Hard won lessons in the trade by Robert W. Walker
Synopsis. What the devil is it? Some call it your platform these days, others refer to it as the pitch or the logline. I submit that it is what you want to see on the back of your novel or on the flap in hardcover—the COPY.
Let’s take a hard look at what I had proposed as my Flap-Jacket Copy for my next novel, DEAD ON due out in 2009. Read it and note the dissection after each paragraph.
Atlanta PI Marcus Rydell is out to reclaim his hold on life. Dr. Kat Holley seeks a fiery revenge on a maniac who has destroyed both their lives. Together, hero and heroine, hunters, come to respect and understand one another, and to share a bond that colors this suspenseful thriller filled as it is with bright touches of romance, light banter, and laugh-out-loud humor alongside terror. And as in any good noir mystery-thriller, there figures a black dog; this one’s named Paco.
At once, in sentence one, I name the two principal characters and set the location, and in same sentence I touch on the major thrust of the book—that it is a revenge tale. Not to mention that both characters are flawed—their lives destroyed. Sentence two, I tell you they are hunters who come to respect, understand, and care about each other on this journey of vengeance. Finally, you learn that there is humor and romance interspersed with the serious mayhem, along with a dog named Paco. Now let’s have at paragraph two written to entice an editor to read the book and love it!
Just when disgraced Atlanta cop-turned-PI Marcus Rydell prepares to eat his gun, a kid in trouble, a call to duty, and a dirty blonde named Kat Holley stop him cold. Kat Holley pulls Marcus from a suicidal depression, and his soon-to-be demolished apartment building—only to make him face a past he cannot come to terms with on his own. But not before she leads him on a deadly hunt deep into the blackest forests of the Red Earth State. Near the Georgia-Tennessee border in the breathtaking Blue Ridge Lake countryside, the pair witness a safe paradise become their death trap, as their prey is no ordinary man. They seek to destroy a local legend, a cave-dwelling ex-marine who happens to be a multiple murderer. In fact, their prey is a monster whose instincts and military training have allowed him to survive in the wilderness for four years, eluding the Feds as well as the Atlanta PD.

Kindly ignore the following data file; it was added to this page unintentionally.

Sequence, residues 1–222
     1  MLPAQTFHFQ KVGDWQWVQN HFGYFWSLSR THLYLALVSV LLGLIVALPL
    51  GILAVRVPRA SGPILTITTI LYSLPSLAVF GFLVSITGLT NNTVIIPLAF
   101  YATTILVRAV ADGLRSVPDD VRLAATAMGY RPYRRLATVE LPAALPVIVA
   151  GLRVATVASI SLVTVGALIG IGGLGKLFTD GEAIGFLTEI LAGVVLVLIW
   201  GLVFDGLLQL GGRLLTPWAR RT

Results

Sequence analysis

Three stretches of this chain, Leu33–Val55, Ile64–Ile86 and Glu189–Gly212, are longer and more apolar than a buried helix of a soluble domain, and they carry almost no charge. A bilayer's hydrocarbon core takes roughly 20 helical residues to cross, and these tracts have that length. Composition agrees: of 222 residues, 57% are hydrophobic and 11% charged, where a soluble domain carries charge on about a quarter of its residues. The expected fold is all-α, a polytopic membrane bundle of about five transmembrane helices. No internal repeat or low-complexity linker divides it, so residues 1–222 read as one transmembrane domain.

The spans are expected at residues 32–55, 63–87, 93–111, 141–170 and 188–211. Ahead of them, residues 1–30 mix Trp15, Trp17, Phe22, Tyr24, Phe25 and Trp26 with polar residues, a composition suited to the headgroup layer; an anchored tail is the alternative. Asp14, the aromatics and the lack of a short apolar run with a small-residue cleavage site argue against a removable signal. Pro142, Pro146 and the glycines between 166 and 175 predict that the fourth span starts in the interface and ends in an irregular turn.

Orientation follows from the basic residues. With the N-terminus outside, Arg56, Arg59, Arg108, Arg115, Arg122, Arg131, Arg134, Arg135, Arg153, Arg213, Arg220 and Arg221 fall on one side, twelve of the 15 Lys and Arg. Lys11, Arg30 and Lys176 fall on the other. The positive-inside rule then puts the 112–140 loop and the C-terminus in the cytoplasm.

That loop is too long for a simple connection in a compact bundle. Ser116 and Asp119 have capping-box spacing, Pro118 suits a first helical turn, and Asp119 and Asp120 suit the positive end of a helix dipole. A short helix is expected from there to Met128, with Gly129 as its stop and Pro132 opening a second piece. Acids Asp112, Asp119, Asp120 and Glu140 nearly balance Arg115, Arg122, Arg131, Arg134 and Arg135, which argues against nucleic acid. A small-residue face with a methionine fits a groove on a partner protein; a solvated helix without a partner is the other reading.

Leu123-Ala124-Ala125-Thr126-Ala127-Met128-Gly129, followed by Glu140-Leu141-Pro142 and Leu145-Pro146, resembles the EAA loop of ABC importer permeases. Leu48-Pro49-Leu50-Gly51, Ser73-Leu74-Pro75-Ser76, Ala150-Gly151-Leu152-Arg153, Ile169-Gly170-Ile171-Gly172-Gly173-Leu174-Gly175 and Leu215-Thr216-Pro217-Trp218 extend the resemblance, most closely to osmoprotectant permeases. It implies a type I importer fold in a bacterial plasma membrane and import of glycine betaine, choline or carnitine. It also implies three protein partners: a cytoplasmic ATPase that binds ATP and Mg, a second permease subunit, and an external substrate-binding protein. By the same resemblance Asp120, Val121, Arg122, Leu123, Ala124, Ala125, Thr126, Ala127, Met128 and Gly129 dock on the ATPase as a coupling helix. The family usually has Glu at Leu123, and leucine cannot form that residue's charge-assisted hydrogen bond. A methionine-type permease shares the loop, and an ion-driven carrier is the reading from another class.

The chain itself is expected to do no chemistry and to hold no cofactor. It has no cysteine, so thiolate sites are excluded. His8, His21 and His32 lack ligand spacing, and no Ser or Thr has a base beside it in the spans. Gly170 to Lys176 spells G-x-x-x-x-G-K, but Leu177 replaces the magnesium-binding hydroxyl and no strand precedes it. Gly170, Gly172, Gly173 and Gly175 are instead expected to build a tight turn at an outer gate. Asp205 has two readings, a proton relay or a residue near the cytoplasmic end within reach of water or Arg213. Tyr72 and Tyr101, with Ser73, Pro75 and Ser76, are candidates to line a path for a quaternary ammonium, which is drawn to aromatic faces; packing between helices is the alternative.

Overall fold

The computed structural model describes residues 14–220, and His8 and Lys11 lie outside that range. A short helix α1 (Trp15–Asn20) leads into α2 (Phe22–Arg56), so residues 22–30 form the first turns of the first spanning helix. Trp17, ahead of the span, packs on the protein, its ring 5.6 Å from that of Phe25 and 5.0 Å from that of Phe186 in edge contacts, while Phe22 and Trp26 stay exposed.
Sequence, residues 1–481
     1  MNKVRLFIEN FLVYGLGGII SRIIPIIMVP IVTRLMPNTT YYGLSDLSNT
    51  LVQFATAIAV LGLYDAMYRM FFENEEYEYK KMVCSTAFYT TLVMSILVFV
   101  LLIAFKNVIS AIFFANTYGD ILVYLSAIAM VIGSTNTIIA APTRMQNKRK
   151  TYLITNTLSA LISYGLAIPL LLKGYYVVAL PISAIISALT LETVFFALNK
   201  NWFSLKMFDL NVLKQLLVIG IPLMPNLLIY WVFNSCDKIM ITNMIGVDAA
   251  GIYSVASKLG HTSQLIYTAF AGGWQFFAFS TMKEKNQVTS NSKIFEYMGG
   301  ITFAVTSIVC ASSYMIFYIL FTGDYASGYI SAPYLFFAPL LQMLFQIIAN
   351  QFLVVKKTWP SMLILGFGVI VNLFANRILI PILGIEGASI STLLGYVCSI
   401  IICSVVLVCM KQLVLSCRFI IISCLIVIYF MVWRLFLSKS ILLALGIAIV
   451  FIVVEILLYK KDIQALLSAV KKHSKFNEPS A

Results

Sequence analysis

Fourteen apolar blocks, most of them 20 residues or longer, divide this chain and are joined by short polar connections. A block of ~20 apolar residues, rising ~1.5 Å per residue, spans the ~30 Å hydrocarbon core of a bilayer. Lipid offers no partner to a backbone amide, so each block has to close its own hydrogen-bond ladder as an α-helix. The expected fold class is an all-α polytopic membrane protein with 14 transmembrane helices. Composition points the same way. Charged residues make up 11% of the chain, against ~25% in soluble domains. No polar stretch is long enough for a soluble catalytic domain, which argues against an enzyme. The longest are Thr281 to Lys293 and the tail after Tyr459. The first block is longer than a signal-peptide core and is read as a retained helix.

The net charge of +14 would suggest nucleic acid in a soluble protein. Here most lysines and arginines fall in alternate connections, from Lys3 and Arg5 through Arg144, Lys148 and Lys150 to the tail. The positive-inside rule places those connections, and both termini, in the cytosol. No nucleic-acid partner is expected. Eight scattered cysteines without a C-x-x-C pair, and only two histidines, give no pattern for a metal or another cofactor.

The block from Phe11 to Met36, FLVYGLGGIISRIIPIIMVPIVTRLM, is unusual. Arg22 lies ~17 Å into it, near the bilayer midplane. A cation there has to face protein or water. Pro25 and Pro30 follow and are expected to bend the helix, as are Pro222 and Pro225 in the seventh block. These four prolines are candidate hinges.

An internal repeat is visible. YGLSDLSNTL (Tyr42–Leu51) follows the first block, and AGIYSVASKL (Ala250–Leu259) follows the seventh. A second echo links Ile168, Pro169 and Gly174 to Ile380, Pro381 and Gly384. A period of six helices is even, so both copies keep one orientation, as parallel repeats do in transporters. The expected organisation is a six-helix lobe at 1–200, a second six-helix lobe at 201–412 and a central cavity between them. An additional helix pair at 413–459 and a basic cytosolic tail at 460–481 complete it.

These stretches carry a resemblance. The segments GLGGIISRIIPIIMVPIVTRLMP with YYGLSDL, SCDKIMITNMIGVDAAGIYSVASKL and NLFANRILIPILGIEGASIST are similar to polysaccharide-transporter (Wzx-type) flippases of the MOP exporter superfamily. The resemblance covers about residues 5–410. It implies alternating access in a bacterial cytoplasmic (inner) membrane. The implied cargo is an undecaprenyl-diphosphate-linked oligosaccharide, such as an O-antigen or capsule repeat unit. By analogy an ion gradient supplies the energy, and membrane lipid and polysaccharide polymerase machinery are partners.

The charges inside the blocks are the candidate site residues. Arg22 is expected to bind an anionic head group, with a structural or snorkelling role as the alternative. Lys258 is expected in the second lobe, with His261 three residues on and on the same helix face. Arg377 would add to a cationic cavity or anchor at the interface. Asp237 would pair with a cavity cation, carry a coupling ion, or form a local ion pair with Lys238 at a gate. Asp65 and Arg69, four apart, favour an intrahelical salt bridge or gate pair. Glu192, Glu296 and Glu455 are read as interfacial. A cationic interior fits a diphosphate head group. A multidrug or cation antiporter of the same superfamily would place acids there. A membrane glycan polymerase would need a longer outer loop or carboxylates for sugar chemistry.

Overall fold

You are wooing an editor, so a little judicious repeating of the facts and going into more detail here is a good thing. The setting is brought more into focus along with the fact that it does not remain static and nor do the characters. Here to the villain is introduced and given some shape. Let’s see what paragraph three of the synopsis as sales tool brings us:
However, the hunt for the evil torturer and executioner, Iden Cantu, pivots. And now Cantu comes for them, leaving the dead in his wake. In the end, they must duel with this psychotic deviant, who is equipped with night-vision, a high-powered Bushman, and a cruel intent to kill by means of mental and physical pain.
In this final paragraph the conflict is ratcheted up as our heroes have the tables turned on them in this high stakes game of cat and mouse, and while that may seem a cliché, you want to find a clever and fresh way to say it’s so. This paragraph also brings the killer even more in focus as he represents the threat that Marcus and Kat have to confront. Both the good guys and the bad have to measure up and be large enough and interesting enough to make the conflict of interest.
In all of the synopsis I’ve answered the five questions required of all journalistic writing and sales pitches –Who is it about, What is it about, Where is it about, When is it about, and Why is it of interest? And How is it accomplished? Easy and Simply: PI Marcus and Dr. Kat versus the evil, psychotic marine serial killer Iden in the North Georgia woods in a modern day tale of vengeance and courage strained to the limit—a dark duel that keeps Marcus from spiraling into depression. He learns that hunting humans is cathartic! Kat reminds him of this lost passion. And along the way, they discover one another. The Who, What, Where, Why, and How of it are your synopsis and platform all rolled into one as they are all present in your sales pitch.
Writing the synopsis is writing the most important short story you will ever write. It is best to read twenty or a hundred back flap or back copy descriptions of other books in any and all genres to acquire a knack for doing it yourself, but you, my friend, YOU know your book better than anyone. It is just a matter of taking off your crafty, creative writer’s hat and donning your even craftier salesman’s hat and rely on the old journalistic principles of telling a story within a paragraph or two. Just make sure every ‘i’ is dotted and every ‘t’ is crossed for you are first judged not on your novel but on your synopsis and cover letter.
Happy Marketing Guys and Ladies,
Robert W. Walker